Give up all drink or risk dementia
GPs to tell middle-aged they must change their lifestyle to lower Alzheimer’s threat
MIDDLE-AGED people should be told that there is “no safe level of alcohol consumption” and should stop drinking altogether if they want to reduce the risk of dementia, health watchdogs will warn today.
Guidance from the National Institute of Health and Care Excellence (Nice) on how to protect against dementia suggests that even drinking within the Government’s safe limits can increase the risk of Alzheimer’s disease.
The advice says drinking any alcohol can increase the risk of dementia, disability and frailty, telling GPs that people should be encouraged “to reduce the amount they drink as much as possible”. It suggests Britain’s “social norms” when it comes to alcohol “need to be challenged”.
The warning – by the official watchdog that informs the NHS on which drugs and treatments to offer – comes as the Government formally reviews “safe” levels of alcohol consumption. Last year, Nice suggested in draft guidance that the rules should be revised, but it will today issue formal guidance that will put ministers under pressure to scrap current recommendations.
The new advice says the public should be told that there is “no safe level of alcohol consumption” and calls on GPs to tackle the middle-aged about lifestyle behaviours linked to dementia.
Research has found that one third of all cases of Alzheimer’s disease can be linked to lifestyle factors such as exercise, obesity, smoking and alcohol. The guidance is aimed at adults aged between 40 and 65, amid concerns that many of the lifestyles of those in midlife now are worse than those of previous generations, and will contribute to a rising tide of dementia.
The advice says that early action to improve lifestyles has the greatest impact, but that it is never too late to reduce the risk of the condition.
The current government advice suggests women can drink two to three units of alcohol a day (one 175ml glass of wine) and men three units without compromising their health. “Drinking alcohol daily at home has become normal for some people, and this poses a threat to health,” the guidance says.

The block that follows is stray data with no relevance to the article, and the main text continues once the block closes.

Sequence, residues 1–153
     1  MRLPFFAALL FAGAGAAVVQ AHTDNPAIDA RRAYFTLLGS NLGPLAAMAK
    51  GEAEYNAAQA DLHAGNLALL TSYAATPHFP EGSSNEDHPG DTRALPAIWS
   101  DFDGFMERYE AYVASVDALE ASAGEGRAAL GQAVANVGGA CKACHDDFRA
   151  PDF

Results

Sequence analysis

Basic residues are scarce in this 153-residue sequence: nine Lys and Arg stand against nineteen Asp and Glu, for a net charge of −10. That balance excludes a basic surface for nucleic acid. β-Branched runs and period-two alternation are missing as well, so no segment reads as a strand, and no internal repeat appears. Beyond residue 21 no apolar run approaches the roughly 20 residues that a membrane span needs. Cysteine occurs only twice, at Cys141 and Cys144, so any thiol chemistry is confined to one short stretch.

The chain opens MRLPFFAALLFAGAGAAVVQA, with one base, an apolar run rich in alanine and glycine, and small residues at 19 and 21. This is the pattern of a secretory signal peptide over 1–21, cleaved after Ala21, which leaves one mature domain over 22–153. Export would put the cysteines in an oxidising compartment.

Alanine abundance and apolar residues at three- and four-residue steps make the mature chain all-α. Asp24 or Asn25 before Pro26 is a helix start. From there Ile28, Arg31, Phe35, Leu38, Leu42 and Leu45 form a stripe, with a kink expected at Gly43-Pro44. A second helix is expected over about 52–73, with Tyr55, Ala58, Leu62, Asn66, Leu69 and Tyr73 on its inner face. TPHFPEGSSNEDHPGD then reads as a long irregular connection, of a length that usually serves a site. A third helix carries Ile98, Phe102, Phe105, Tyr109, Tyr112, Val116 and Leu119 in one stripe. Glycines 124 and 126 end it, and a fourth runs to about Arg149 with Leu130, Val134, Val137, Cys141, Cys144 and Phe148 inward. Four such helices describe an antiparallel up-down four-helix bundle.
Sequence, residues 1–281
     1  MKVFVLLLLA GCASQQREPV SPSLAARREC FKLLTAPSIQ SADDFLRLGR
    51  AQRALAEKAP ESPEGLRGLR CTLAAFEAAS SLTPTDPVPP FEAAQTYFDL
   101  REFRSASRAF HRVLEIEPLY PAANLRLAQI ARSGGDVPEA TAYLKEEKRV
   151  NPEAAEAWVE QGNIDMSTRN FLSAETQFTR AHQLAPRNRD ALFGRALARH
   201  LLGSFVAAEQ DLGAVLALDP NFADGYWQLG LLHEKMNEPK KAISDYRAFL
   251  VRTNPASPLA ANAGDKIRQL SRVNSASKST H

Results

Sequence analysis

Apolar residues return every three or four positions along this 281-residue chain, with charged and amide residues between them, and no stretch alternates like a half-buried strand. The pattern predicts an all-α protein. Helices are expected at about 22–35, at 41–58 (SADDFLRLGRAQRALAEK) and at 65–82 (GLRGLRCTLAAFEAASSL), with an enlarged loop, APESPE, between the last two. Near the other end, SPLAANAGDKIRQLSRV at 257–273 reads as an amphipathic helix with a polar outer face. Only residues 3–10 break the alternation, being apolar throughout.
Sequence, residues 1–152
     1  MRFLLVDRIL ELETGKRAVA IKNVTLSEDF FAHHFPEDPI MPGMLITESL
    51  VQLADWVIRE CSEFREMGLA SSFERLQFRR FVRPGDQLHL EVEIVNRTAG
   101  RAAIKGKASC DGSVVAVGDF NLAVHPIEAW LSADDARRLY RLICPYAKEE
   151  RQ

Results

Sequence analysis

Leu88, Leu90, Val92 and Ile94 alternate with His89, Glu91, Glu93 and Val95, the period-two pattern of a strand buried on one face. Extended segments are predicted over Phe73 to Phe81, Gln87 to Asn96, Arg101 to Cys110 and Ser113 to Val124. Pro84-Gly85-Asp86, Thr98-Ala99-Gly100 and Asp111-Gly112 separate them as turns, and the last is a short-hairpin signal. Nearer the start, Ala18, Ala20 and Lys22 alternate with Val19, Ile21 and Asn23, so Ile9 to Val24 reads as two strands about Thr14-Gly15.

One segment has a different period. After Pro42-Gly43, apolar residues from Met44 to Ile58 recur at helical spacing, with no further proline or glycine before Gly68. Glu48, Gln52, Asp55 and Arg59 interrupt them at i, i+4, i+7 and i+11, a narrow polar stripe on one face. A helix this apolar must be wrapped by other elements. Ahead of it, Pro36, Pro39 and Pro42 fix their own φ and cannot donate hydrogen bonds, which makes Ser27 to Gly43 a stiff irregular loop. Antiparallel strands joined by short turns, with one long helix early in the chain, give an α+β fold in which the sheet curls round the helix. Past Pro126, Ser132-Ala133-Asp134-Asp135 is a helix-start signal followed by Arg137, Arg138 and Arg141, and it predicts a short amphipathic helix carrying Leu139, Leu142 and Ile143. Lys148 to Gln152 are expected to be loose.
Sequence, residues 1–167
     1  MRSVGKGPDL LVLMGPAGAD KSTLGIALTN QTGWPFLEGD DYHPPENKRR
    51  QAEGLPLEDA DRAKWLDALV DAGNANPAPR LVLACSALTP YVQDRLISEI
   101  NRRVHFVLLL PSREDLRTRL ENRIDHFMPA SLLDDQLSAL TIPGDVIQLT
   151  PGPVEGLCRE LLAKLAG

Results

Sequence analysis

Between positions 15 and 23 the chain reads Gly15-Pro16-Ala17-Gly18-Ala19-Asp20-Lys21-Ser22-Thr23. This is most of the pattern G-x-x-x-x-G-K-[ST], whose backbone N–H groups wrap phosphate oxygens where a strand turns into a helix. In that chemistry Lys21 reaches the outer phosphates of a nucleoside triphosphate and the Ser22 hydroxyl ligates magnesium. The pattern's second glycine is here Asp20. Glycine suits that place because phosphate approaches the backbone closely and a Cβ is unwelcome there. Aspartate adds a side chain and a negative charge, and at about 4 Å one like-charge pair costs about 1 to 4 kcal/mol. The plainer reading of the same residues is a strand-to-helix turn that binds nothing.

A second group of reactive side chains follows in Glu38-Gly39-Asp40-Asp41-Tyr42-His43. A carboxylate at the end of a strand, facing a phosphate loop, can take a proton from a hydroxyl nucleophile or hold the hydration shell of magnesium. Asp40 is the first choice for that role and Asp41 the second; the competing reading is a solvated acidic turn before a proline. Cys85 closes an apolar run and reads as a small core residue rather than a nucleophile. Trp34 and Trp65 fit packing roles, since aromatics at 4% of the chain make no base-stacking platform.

It also says people should not see middle age or retirement as a time to slow down their pace of life.
“Reducing activity – ‘slowing down’ and having ‘earned a rest’ – are often seen as an expected part of growing older,” it says, but suggests that instead, health would be better protected by a more active lifestyle in mid-life.
The recommendations for the NHS and local councils also call for sweeping changes in the way public spaces are governed, in an effort to reduce rates of smoking. It calls for smoke-free policies to be expanded to cover public parks and open-air markets.
John Britton, professor of epidemiology at the University of Nottingham and Nice guideline development group chairman, said: “It is well known that smoking, too much alcohol, inactivity and being overweight is bad for our health, but many people don’t realise
that these things can also increase the likelihood of developing dementia and other causes of poor quality of life in older age.
“The evidence we looked at suggested that people can prevent these outcomes by making simple changes in life – stopping smoking, cutting alcohol, being more active and losing weight. Even small but regular changes – such as climbing the stairs instead of using an escalator – can have significant effects.”
The guidance stresses that not all dementia risks can be eliminated, given some will have a genetic susceptibility to the condition, and warns against suggesting those who develop it are “at fault”.
Hilary Evans, chief executive of Alzheimer’s Research UK, said: “There is now mounting evidence that a healthy lifestyle from mid-life can help to reduce the risk of dementia in later life, but public understanding of the risk factors for dementia is still low.”